The art of blending: Sherry

The art of blending: Sherry

by Maurizio Broggi June 13, 2024

In the fourth part of our series on the art of blending, Westgarth Wines wine specialist Maurizio Broggi looks at the solera system and its role in Sherry making.

Hailing from Jerez de la Frontera in Andalusia, Spain, Sherry is one of the world's most esteemed fortified wines. Characterized by a wide and diverse range of styles, including Fino, Amontillado, Oloroso, Palo Cortado, Pale Cream, Medium, and Cream, Sherry production centers on a singular blending process known as the solera system. This fractional blending technique, originally implemented in the 19th century, serves to offset vintage variation and ensure the consistent preservation of the Sherry style.

The solera system

Following fortification, wines designated for Sherry production undergo a temporary storage phase known as sobretabla, meaning ‘on the board’.

Traditionally, Sherry matures in old oak barrels, with the most prevalent size being the 600-liter "butt" made from American oak. Due to their extended age, these butts no longer impart significant oak characteristics to the maturing wines.

The solera system aims to achieve consistency and quality year after year by blending smaller proportions of younger with older wines. In the solera system, the barrels are divided into groups known as criaderas. Each barrel in the same criadera contains wine of the same age, thus each criadera contains wine of different age compared to other criaderas.

The criadera

The oldest criadera is called the ‘solera’, a term that refers to the barrels positioned closest to the floor (or suelo in Spanish), which traditionally contains the oldest wine. The criadera with the next oldest wine is the 1st criadera, the 2nd criadera contains younger wine than the 1st criadera, the wine in the 3rd criadera is younger than in the 2nd criadera, and so forth. Each criadera’s barrels are grouped together in a specific area of the bodega.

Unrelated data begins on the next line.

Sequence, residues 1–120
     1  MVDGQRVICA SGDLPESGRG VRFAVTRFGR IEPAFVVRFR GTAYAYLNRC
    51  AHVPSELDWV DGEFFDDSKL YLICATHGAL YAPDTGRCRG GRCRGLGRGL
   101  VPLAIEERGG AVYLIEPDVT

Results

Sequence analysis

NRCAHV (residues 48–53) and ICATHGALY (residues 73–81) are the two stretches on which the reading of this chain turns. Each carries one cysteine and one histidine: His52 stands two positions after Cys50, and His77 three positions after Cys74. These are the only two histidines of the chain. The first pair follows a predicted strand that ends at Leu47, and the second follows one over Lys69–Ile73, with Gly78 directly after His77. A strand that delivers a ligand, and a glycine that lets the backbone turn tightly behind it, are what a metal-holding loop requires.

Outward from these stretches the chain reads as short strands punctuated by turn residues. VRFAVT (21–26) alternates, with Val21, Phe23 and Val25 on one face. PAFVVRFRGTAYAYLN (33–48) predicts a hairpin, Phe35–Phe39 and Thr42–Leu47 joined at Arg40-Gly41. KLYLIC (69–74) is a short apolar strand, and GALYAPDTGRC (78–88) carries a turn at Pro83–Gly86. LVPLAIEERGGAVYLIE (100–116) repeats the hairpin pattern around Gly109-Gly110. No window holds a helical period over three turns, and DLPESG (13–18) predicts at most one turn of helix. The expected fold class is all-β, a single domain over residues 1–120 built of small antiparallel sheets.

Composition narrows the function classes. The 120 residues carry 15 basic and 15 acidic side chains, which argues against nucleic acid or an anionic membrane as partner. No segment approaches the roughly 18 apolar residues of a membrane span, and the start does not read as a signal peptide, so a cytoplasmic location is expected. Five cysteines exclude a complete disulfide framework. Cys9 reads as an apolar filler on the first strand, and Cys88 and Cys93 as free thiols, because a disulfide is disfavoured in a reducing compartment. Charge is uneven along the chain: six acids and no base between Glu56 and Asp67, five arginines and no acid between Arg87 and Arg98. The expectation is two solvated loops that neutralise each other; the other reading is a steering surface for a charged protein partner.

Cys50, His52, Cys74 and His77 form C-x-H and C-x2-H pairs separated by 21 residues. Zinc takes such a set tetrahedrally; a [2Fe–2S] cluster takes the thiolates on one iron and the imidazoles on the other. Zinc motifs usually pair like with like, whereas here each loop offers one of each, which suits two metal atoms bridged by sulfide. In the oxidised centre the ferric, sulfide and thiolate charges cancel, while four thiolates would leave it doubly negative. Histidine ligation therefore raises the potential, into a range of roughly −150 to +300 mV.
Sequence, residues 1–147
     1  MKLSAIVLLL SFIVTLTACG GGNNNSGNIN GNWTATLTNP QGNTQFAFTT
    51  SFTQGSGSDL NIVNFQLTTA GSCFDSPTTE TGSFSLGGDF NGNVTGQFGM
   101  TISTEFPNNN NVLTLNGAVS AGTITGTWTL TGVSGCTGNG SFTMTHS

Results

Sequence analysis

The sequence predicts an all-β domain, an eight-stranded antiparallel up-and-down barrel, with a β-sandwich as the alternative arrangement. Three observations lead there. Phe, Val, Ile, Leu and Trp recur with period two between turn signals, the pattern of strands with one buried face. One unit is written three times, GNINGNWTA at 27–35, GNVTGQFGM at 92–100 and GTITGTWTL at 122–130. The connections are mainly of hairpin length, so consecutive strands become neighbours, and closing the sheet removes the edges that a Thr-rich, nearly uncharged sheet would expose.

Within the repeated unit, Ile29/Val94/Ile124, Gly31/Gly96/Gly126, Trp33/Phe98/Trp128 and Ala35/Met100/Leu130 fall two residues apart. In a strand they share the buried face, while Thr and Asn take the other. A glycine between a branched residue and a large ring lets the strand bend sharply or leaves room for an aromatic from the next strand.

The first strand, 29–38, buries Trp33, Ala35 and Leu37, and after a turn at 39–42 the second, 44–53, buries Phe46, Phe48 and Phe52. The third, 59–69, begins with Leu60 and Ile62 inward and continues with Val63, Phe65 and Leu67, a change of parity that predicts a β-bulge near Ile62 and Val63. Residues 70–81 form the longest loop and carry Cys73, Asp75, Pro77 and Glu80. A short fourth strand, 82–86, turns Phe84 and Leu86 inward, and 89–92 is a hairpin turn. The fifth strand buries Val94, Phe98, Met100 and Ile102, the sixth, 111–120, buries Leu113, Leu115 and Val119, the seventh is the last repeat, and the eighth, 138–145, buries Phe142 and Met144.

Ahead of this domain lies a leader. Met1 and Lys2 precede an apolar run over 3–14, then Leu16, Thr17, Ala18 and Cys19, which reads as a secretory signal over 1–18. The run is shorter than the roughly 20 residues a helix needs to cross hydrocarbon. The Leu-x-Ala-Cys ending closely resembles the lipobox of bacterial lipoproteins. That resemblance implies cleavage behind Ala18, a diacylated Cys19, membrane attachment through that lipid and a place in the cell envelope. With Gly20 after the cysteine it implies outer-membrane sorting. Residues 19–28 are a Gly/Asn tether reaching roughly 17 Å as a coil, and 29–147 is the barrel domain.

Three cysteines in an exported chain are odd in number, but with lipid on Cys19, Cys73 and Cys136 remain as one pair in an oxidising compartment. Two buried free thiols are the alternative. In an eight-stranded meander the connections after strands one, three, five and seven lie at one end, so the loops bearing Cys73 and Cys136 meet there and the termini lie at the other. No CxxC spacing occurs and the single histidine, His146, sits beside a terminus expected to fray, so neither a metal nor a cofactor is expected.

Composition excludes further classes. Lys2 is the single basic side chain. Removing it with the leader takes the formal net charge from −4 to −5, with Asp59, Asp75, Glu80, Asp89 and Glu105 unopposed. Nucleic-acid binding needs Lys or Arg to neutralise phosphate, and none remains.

Regulations

To ensure the preservation of the solera system's unique character, regulations limit the annual amount of wine that can be drawn to a maximum of 40% of a solera's total volume. This practice guarantees that the majority of the aged wine remains within the system, contributing to the consistency and complexity of Sherry wine in the system. Additionally, legal requirements mandate a minimum age of two years for any Sherry drawn from the solera system for commercial bottling.

How fractional blending works

 

 

The solera system operates through fractional blending. A designated portion, not exceeding 40%, is extracted from each barrel within the oldest criadera (the solera) for potential bottling or incorporation into other solera systems. This volume is then replaced with an equal amount of wine drawn from the barrels in the 1st criadera, effectively blending a younger, fresher wine with the oldest component of the system.

This process continues sequentially through each criadera. Wine is drawn from a given criadera and used to replenish the barrels in the next, older criadera. Finally, the youngest criadera is topped up with the youngest wine from the sobretabla. This cascading method ensures the continuous introduction of younger wines into older wines, contributing to freshness, consistency, complexity, and superior quality.

Stylistic differences

It is important to note that reaching the solera level, the oldest criadera, is not a prerequisite for a wine's inclusion in commercial bottling. Sherry producers strategically draw wines from various criaderas, selecting specific age profiles to achieve their desired styles. For instance, wine for a Fino Sherry may be predominantly drawn from the 5th criadera blended with a smaller proportion of wine from the 4th or older criaderas to produce a fresher, entry-level style of Fino. More complex and higher quality wines such as Amontillado, Palo Cortado, or Oloroso will have a higher proportion of wines drawn from the solera’s barrels and the older criaderas for complexity and richness blended with a proportion of wines from younger criaderas to provide balance and freshness.

A taste of history

The selection and blending of wines from various criaderas and solera systems form the backbone of Sherry's complexity and stylistic diversity. Since many solera systems were established decades ago, each one invariably contains an amount of the original wine, ensuring a continuous thread of history within the final blend.







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